The umu or Rapa Nui curanto – a delicious way to celebrate the patron saint of the sea

On June 27th, Easter Island dressed up to celebrate one of the most important religious celebrations of the Rapanui culture.

Small cove of Hanga Piko dressed for a party to celebrate Saint Peter’s day.

The celebration of Saints Peter and Paul who are considered the patron saints of the sea and fishermen in Chile, brought together tourists, Chilean residents and the Rapanui community around one of the most representative traditional culinary preparations in Easter Island. In a fraternal and thaksgiving atmosphere around three thousand people attended Hanga Piko small cove to eat and enjoy the curanto also called “Umu” in the local language, without having to pay for food.


Tourists enjoying food and tradition of the Rapa Nui culture.


Flower crowns are always present in all kinds of celebrations in Easter Island.

The umu is a Rapanui dish cooked in something similar to an earth oven. In the past this way of cooking was the only way in which the islanders would cook all their food. This delicious typical island dish which is very similar to the Chilean curanto is prepared in a hole in the the ground. The main difference between the two is that in southern Chile people add seafood as an extra ingredient. On the contrary, in Polynesia people add fruits. The most typical of all manifestations of the Rapanui cuisine is prepared by digging a hole in the ground and cooking food with the heat of hot stones in order to celebrate different events during life. That’s why there are different types of umu either to celebrate a marriage, to honor a deceased person or to a newborn baby, housewarming or to ask for protection and well augurs before a trip. All this is done as a compromise and a way to show respect as the local food is considered a language that allows us to see from an anthropological perspective the history of Rapa Nui.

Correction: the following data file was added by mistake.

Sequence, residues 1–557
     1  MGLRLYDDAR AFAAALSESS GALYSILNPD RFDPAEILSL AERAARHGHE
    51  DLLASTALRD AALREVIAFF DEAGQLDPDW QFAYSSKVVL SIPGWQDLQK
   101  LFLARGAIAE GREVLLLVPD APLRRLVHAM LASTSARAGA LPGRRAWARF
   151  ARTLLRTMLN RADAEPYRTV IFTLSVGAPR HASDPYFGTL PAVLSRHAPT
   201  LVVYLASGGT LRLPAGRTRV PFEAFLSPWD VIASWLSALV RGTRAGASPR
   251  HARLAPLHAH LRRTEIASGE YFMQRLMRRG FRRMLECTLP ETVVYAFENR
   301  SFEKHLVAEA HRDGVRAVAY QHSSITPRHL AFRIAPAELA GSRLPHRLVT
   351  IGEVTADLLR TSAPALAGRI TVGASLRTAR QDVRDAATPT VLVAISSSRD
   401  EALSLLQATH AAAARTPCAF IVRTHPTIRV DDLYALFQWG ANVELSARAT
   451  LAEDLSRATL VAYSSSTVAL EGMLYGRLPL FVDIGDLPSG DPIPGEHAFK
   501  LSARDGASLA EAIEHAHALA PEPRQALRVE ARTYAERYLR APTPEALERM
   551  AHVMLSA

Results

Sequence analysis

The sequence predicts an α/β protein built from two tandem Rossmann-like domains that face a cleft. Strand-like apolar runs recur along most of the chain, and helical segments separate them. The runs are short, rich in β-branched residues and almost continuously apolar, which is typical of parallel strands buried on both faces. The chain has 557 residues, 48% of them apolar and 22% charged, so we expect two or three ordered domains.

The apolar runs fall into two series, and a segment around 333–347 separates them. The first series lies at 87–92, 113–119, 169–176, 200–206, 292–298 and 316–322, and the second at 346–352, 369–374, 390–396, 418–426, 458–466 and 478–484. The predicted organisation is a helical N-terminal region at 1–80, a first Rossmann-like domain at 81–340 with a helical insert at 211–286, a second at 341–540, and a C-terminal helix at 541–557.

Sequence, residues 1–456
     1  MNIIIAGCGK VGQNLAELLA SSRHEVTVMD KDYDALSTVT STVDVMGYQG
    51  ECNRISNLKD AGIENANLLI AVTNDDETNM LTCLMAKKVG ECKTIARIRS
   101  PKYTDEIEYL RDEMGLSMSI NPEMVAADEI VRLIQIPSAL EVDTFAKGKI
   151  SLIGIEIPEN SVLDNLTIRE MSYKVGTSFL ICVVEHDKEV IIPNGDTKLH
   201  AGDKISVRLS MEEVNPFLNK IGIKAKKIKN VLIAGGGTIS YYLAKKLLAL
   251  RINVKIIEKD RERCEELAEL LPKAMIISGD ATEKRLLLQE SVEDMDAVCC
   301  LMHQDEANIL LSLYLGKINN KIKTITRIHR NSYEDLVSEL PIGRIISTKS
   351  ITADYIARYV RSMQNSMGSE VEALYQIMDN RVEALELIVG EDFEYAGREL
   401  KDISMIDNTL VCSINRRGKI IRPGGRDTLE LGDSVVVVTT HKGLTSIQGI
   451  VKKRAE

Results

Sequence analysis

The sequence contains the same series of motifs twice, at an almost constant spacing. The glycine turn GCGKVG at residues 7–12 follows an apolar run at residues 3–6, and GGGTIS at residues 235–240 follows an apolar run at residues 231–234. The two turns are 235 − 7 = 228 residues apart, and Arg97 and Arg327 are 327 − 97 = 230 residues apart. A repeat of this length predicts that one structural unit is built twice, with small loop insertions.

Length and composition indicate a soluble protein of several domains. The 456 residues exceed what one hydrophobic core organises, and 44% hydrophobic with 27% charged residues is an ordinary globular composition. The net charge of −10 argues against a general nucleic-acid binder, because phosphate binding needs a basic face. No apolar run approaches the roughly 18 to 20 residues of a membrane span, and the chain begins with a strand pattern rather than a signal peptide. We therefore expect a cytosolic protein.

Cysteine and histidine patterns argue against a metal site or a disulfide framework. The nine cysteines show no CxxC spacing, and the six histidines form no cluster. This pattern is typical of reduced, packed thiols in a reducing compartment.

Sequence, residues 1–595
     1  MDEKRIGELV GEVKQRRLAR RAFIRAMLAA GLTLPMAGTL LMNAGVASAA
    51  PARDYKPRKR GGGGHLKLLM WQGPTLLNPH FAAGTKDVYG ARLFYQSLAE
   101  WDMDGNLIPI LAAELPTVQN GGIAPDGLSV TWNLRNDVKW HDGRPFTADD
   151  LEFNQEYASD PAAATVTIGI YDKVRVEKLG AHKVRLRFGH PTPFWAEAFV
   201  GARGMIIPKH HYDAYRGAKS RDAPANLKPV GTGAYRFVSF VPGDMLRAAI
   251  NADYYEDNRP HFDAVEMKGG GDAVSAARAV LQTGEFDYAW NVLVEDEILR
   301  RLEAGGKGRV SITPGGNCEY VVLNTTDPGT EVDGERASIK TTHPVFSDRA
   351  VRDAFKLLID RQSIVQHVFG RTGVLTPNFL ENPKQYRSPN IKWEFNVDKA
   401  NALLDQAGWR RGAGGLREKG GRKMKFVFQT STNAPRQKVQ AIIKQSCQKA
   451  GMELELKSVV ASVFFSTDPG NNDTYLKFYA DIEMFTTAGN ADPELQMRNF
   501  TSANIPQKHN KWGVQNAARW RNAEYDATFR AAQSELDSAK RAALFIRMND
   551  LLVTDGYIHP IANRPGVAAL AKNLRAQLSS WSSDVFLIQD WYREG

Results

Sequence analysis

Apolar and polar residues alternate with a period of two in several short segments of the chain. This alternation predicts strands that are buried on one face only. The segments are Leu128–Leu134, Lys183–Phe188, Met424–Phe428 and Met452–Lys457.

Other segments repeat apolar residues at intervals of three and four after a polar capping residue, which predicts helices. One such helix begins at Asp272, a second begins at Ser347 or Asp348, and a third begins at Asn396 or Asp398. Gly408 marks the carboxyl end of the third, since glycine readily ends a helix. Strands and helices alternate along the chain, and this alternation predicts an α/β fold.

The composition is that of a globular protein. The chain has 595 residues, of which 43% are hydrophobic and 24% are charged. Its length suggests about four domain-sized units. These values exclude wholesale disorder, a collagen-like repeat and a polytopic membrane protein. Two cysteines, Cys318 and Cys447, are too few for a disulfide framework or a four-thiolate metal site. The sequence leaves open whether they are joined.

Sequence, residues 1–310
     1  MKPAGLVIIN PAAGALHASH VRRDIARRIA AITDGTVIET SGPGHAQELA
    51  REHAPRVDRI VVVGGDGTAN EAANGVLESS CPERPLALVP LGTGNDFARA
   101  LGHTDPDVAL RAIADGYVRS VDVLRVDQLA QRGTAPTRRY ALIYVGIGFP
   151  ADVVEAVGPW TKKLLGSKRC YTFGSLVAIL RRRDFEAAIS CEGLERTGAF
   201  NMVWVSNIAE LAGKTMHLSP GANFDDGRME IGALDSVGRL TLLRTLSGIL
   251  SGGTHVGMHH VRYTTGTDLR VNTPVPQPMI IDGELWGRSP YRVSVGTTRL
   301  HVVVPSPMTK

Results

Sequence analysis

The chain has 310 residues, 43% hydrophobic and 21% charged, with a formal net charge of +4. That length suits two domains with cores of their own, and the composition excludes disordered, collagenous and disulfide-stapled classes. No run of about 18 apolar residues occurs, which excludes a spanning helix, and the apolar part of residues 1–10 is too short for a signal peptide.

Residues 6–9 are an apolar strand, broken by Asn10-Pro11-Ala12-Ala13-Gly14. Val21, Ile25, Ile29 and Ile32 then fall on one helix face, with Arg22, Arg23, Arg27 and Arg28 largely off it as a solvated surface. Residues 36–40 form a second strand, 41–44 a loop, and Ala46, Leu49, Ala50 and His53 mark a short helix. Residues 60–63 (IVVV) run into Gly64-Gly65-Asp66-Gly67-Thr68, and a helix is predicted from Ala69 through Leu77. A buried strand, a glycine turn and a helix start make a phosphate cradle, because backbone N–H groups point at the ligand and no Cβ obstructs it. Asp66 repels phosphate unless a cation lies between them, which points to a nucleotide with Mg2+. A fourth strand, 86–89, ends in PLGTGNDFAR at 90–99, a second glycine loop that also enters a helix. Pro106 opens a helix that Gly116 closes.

The sweet potato is an essential part of the diet of Rapa Nui.
After several hours of cooking curanto is ready to eat.








The previously dug hole is filled with firewood and stones of volcanic origin. Fire is set in order to warm the stones red hot in the same way as it was done for hundreds of years in ancient times. Once the stones are hot they are covered with banana leaves and on these leaves different types of meat such as beef, pork, chicken and fish are put in layers separated by banana leaves and a new layer of hot stones. On the latter the process is repeated, but this time the upper layers are covered by vegetables, mainly root vegetables such as sweet potato, taro and cassava. Finally everything is covered with banana leaves again and soil.


Music was an important part of the celebration of the patron saint of the fishermen.

The cooking process of this dish takes about 6 hours and it is usually accompanied by other traditions such as getting dressed in the old style and singing songs. The curanto is a community meal as the main reason to eat and share this dish is to celebrate a fraternal meeting.

Due to the great resemblance between the curanto from Chiloe and curanto from Rapanui some anthropologists have postulated that the first colonization of southern Chile was done by Polynesian natives who brought the recipe to new territory and adapted it adding new ingredients and seafood they found there.

The rain didn’t keep most of the island’s inhabitants to participate in this great event.


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